W for Worry

How to help your child stop worrying?

As adults we worry a lot. We want to worry less. We want our children to worry less. Be more positive. 

Yesterday was Father's Day, and unfortunately my dad died just over three years ago now. So I'm still missing him and especially on Father's Day. I didn't talk to my dad a lot about feelings.  I do remember one particularly poignant conversation I had with him about worrying. And he shared a little side of him that I didn't know. 

The fact that he thought that worrying was good because worrying kept him on his toes. 

So worrying kept danger away and worrying stopped bad things happening. You know he was talking about everything in his life and I said to him something like, but didn't worry stop you enjoying your life? And that- sorry, tears are coming to my eyes as I recall the tears coming to his eyes at that point. You see? I do exactly that as well.


And I think we all do, we think that worrying serves some sort of higher purpose in terms of protecting us. But it just stops us most of the time, it stops us in enjoying what we what we've got, you know, and so in some ways for me worry is the opposite of gratitude.

Because it stops us being- I'm not, you know, a gratitude diary fan or anything like that. I'm not into techniques. I've tried all the techniques and the techniques don't work for me. That's why I don't advocate them to anybody else when people come to me and say how can you do this? And you say, yes, okay. Well, we've there are hows that goes a little bit deeper than techniques. If the techniques work I wouldn't have little love handles, you know, little patches of fat on my belly, you know we would- the techniques don't work. So worry, I have become- I'm a recovering worrieraholic, I think. I used to worry and then I used to worry about worrying.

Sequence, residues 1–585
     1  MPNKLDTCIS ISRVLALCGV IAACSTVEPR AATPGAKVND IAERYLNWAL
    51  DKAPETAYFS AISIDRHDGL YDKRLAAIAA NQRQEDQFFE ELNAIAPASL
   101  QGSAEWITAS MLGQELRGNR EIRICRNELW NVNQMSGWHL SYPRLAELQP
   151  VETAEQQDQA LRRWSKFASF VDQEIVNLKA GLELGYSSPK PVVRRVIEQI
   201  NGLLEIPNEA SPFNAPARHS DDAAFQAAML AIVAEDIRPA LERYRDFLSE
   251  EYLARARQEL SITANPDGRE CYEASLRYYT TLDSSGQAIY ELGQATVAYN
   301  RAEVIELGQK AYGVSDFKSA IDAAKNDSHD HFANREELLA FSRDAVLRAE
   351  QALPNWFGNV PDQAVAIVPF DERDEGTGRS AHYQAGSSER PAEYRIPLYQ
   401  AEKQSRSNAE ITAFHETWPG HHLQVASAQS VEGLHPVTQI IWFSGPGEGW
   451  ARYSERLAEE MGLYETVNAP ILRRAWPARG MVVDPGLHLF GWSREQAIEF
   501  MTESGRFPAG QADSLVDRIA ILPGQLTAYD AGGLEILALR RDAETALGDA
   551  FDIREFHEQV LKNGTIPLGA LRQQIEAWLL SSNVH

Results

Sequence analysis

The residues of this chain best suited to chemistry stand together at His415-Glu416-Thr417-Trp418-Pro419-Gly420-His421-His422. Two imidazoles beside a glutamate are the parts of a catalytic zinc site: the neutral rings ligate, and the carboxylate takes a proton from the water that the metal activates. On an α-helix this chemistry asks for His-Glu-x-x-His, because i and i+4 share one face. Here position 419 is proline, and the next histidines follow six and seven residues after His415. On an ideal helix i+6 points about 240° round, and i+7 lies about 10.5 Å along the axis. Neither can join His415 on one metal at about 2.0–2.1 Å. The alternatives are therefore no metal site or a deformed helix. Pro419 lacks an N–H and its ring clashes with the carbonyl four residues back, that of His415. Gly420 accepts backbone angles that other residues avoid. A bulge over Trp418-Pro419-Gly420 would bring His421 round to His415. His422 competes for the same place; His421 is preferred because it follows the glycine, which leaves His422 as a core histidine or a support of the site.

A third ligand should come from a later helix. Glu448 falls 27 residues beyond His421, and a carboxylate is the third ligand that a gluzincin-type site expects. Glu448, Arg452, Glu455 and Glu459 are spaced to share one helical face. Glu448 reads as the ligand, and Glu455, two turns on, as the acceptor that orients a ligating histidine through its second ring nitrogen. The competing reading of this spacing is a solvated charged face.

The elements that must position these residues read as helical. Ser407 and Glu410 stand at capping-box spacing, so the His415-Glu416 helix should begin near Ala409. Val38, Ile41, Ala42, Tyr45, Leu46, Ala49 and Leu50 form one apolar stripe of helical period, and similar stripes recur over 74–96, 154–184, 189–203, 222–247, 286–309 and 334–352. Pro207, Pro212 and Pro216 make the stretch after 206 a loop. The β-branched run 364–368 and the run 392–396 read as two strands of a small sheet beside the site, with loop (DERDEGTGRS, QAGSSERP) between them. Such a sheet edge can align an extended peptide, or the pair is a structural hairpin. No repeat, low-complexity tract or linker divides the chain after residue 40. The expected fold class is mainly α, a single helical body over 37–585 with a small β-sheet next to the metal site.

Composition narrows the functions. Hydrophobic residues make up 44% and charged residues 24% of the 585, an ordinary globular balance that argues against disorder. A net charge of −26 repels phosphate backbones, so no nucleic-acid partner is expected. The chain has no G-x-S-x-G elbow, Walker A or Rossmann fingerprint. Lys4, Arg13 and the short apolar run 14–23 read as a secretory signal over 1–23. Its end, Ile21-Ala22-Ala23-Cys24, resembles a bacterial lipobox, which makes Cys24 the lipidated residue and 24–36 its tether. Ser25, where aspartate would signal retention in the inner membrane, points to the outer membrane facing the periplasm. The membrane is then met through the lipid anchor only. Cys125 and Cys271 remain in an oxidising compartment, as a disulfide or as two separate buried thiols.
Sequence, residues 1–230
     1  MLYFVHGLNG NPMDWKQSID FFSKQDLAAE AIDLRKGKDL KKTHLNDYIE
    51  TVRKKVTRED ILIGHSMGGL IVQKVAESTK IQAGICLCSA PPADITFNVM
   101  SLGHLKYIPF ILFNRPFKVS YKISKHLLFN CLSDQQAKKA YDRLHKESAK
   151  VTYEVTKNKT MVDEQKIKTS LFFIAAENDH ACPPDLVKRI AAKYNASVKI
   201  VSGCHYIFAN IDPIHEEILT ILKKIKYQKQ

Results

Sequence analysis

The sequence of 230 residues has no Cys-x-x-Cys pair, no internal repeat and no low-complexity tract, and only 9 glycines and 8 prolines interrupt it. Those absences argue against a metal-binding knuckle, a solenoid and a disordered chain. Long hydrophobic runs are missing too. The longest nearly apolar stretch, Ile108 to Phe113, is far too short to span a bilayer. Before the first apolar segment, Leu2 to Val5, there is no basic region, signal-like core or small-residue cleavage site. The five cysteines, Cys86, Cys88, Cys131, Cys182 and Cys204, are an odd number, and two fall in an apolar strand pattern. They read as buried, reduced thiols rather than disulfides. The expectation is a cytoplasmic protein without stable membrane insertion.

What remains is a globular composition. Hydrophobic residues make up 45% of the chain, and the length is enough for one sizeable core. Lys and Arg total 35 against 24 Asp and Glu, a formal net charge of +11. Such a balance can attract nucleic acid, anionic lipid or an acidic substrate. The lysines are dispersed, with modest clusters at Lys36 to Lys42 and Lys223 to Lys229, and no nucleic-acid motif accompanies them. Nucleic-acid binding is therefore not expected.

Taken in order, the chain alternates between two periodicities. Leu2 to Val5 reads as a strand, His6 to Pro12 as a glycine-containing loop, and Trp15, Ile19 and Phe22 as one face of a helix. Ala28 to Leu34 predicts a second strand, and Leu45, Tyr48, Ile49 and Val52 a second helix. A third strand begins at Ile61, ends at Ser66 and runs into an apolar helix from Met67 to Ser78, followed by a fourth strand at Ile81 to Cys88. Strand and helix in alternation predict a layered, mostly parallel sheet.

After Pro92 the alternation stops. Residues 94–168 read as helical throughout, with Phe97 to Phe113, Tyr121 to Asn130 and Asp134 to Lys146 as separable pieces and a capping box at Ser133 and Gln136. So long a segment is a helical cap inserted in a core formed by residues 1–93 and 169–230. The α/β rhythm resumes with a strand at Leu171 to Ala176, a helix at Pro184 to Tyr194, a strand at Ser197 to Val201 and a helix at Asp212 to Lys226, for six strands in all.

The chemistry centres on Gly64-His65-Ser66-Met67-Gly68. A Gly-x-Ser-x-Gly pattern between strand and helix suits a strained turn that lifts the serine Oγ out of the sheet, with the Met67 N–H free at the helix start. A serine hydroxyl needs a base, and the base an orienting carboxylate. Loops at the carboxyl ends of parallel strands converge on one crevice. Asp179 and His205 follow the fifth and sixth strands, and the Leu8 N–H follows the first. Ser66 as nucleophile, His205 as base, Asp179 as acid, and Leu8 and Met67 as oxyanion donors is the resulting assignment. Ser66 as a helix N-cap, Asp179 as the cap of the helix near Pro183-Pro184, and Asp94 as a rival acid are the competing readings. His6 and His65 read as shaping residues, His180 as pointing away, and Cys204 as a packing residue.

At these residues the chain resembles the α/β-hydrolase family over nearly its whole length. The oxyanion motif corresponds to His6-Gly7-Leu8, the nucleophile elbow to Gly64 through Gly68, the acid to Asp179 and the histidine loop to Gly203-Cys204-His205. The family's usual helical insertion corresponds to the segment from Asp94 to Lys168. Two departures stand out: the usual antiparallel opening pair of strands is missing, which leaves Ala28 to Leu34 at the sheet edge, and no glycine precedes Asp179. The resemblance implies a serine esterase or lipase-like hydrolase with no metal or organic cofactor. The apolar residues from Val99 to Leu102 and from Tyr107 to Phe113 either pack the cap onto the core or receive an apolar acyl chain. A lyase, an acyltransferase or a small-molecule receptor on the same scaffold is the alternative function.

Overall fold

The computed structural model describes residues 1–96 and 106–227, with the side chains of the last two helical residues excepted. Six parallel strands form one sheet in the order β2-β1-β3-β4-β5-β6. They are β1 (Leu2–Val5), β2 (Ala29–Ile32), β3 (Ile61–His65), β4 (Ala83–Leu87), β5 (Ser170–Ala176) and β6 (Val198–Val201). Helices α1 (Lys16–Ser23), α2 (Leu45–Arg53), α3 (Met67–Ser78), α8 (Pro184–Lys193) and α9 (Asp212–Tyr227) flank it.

And I see that so much in parents that I speak to. They're worried about their children. And they're worried about not being a good enough parent. So the worry, it goes all the way down. It's a whole - ah, just worry ah worry about worry, it's worries about worry. So I want to bring them hope and that hope is here. 

I'm here with a message of hope to help you stop worrying. Because kids do what we do, not what we say. So the more we worried, the more likely they are to worry. And they're less worried. The less we worry, the less they'll worry. And it's as simple as that. And I wish I could give you the cure to worry. In a five minute video, I wish I could do that. But I can't because you need to see that for yourself like I've seen it for myself. I worry a lot less. I worry a lot less. But I also worry about worrying a lot less if you get what I mean. So it's not that I don't worry at all, it’s that my worrying is less worrisome. So you know, people talk about worrying and then it becomes anxiety. 

So anxiety is, at it’s most essential, worrying about worrying. And I do a lot less of that than I used to do. And that is my message of hope for you today. And let me give you one thing that I found, that definitely doesn't work. Okay, and that's trying to argue with the voice in your head. Trying to get yourself to worry less. So my sister does this by shouting Zen Zen Zen and I shouldn't shout, but saying Zen Zen and Zen to herself. 

And really I've never seen that work. I'm laughing because I've done exactly the same. You know, we're all trying to shut that voice in our head up. We're trying to argue with it. It's what my friend Richard Wilkins called a civil war. There's a civil war in our head. And that doesn't work. That does not work, a civil war. For a civil war to end, you need peace. And that is it, ignoring the negative voice in your head. That’s what worrying less is all about. Worrying less about worrying.